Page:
| DC Comics, Inc. (founded in 1934 as National Allied Publications) is one of the largest and most successful companies operating in the market for American comic books and related media. It is the publishing unit of DC Entertainment a company of Warner Bros. Entertainment, which itself is owned by Time Warner. DC Comics produces material featuring a large number of well-known characters, including Batman, Superman, Wonder Woman, Robin, Aquaman, Nightwing, Green Arrow, Martian Manhunter, Green Lantern and the Flash, along with such superhero teams as the Justice Society, the Justice League and the Teen Titans, as well as antagonists such as Lex Luthor, the Joker, the Riddler, Mr. Freeze, Catwoman, Sinestro, the Penguin, Two-Face, General Zod, Brainiac, Harley Quinn and Darkseid. The initials "DC" came from the company's popular series Detective Comics, which featured Batman's debut and subsequently became part of the company's name. The title can be considered a redundant initialism.
Entrepreneur Major Malcolm Wheeler-Nicholson's National Allied Publications debuted with the tabloid-sized New Fun: The Big Comic Magazine #1 in February 1935. The company's second title, New Comics #1 (cover date December 1935), appeared in a size close to what would become comic books' standard during the period fans and historians call the Golden Age of Comic Books, with slightly larger dimensions than today's. That title evolved into Adventure Comics, which continued through issue #503 in 1983, becoming one of the longest-running comic book series.
Wheeler-Nicholson's third and final title, Detective Comics, advertised with a cover illustration dated December 1936, eventually premiered three months late with a March 1937 cover date. The themed anthology series would become a sensation with the introduction of Batman in issue #27 (May 1939). By then, however, Wheeler-Nicholson had gone. In 1937, in debt to printing-plant owner and magazine distributor Harry Donenfeld — who also published pulp magazines and operated as a principal in the magazine distributorship Independent News — Wheeler-Nicholson was compelled to take Donenfeld on as a partner in order to publish Detective Comics #1. Detective Comics, Inc. was formed, with Wheeler-Nicholson and Jack S. Liebowitz, Donenfeld's accountant, listed as owners. Major Wheeler-Nicholson remained for a year, but cash-flow problems continued, and he was forced out. Shortly afterward, Detective Comics Inc. purchased the remains of National Allied, also known as Nicholson Publishing, at a bankruptcy auction.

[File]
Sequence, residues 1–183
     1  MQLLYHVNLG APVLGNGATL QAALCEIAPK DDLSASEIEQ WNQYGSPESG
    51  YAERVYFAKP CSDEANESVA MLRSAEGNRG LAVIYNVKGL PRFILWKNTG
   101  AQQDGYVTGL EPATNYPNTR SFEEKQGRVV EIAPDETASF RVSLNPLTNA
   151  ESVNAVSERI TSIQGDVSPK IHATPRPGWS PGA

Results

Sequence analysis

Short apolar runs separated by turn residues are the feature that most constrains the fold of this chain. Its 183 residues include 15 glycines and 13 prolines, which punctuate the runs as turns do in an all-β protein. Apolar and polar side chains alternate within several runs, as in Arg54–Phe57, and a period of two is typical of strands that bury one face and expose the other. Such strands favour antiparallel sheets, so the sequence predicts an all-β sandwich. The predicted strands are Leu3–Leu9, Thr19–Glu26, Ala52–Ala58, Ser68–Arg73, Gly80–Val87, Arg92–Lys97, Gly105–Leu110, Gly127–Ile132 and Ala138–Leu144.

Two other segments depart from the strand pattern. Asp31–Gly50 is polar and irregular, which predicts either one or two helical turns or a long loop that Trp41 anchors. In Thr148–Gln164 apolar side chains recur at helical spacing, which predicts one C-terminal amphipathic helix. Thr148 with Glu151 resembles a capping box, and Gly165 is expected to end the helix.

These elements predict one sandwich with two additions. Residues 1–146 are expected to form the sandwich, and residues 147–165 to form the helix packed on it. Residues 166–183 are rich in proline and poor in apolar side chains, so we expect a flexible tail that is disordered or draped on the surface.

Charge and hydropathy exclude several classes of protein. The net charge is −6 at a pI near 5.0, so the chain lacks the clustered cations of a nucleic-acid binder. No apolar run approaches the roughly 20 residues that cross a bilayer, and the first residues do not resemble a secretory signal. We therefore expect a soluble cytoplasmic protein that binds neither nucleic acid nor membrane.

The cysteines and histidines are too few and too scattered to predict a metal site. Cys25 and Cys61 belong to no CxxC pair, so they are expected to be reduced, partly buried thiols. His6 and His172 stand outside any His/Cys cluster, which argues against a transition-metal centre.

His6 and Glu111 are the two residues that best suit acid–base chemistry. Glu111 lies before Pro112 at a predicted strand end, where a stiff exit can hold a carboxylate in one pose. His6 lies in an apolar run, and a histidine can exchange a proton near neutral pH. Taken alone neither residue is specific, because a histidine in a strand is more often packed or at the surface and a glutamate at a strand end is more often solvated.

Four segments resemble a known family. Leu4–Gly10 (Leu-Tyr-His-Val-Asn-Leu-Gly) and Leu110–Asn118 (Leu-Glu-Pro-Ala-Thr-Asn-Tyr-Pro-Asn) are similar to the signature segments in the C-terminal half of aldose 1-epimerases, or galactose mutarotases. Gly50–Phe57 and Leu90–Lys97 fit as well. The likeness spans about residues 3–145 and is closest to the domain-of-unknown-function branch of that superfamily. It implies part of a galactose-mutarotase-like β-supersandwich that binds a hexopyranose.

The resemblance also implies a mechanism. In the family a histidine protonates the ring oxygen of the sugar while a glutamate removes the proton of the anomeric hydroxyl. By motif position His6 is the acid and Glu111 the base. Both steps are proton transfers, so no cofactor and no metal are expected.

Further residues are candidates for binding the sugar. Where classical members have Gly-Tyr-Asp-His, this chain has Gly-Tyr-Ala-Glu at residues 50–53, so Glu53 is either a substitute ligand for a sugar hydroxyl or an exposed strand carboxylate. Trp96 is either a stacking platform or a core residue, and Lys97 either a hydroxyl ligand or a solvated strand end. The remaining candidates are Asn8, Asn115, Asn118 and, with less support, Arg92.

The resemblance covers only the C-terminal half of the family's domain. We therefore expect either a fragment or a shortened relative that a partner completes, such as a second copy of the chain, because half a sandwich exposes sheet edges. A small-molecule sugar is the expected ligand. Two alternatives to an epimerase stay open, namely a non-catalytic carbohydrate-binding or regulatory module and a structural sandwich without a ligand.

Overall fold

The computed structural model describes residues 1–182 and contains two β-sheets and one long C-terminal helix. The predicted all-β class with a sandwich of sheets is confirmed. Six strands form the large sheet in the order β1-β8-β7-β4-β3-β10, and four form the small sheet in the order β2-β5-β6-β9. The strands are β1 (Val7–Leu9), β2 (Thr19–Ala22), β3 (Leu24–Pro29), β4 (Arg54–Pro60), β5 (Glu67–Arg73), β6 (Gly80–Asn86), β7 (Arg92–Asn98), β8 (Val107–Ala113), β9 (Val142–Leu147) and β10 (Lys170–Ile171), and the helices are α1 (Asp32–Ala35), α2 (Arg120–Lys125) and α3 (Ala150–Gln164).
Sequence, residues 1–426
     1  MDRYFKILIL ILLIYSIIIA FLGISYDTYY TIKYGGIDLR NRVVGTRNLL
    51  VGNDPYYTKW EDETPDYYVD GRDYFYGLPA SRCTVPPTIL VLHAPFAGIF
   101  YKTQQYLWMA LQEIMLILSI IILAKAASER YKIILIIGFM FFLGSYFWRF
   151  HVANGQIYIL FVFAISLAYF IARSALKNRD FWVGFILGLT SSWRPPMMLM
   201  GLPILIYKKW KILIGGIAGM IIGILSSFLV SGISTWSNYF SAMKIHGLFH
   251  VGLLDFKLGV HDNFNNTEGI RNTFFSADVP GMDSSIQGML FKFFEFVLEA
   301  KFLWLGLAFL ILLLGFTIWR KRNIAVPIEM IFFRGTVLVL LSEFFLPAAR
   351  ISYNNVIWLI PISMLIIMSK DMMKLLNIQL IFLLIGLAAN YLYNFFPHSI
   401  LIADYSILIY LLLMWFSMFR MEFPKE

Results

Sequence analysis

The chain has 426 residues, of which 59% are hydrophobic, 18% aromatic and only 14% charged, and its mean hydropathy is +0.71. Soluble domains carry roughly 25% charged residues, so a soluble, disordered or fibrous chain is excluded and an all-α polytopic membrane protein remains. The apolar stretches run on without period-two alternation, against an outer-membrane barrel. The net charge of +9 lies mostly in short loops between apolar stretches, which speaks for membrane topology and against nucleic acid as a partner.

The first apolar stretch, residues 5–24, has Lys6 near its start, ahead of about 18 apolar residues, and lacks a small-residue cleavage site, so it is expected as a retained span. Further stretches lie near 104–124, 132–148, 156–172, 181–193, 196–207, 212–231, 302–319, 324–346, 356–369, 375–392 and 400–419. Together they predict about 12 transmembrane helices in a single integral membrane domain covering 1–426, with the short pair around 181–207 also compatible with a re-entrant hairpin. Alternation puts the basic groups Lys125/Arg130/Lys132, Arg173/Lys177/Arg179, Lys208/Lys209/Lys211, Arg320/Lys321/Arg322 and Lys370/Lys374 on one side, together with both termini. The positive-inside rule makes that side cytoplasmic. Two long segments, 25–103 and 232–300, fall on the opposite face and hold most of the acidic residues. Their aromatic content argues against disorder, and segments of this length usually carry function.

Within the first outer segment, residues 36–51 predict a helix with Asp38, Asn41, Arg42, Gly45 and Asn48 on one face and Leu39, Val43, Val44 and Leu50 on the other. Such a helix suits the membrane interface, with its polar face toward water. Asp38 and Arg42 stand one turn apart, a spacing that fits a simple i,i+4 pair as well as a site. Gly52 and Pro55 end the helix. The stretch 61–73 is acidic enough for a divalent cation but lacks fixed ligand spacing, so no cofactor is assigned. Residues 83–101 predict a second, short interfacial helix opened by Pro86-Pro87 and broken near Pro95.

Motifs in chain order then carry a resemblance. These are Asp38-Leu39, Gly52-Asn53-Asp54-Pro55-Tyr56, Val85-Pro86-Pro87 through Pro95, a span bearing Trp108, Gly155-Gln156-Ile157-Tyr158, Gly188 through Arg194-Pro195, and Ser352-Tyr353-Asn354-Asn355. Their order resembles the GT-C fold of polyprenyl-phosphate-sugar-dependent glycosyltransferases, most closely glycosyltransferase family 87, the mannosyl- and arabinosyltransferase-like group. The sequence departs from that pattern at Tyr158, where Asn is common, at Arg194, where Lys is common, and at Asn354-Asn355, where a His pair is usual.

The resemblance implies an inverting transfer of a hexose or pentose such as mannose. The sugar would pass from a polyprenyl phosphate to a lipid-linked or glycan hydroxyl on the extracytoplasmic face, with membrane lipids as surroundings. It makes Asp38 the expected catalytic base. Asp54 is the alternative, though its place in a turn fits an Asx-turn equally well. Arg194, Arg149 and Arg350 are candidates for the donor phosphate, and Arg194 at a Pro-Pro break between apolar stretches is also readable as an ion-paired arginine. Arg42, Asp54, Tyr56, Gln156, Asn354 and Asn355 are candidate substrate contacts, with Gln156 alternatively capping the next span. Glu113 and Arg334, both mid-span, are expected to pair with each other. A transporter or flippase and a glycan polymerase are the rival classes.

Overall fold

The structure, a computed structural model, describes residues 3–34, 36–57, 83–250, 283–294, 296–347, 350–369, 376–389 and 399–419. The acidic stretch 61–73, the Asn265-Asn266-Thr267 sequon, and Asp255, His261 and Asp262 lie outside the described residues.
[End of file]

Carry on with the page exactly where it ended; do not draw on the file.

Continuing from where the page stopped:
Detective Comics Inc. soon launched a fourth title, Action Comics, and the premiere of which introduced Superman (a character with which Wheeler-Nicholson had no direct involvement; editor Vin Sullivan chose to run the feature after Sheldon Mayer rescued it from the slush pile). Action Comics #1 (June 1938), the first comic book to feature the new character archetype — soon known as "superheroes" — proved a major sales hit. The company quickly introduced such other popular characters as the Sandman and Batman.
Source: Wikipedia, "DC Comics", available under the CC-BY-SA License.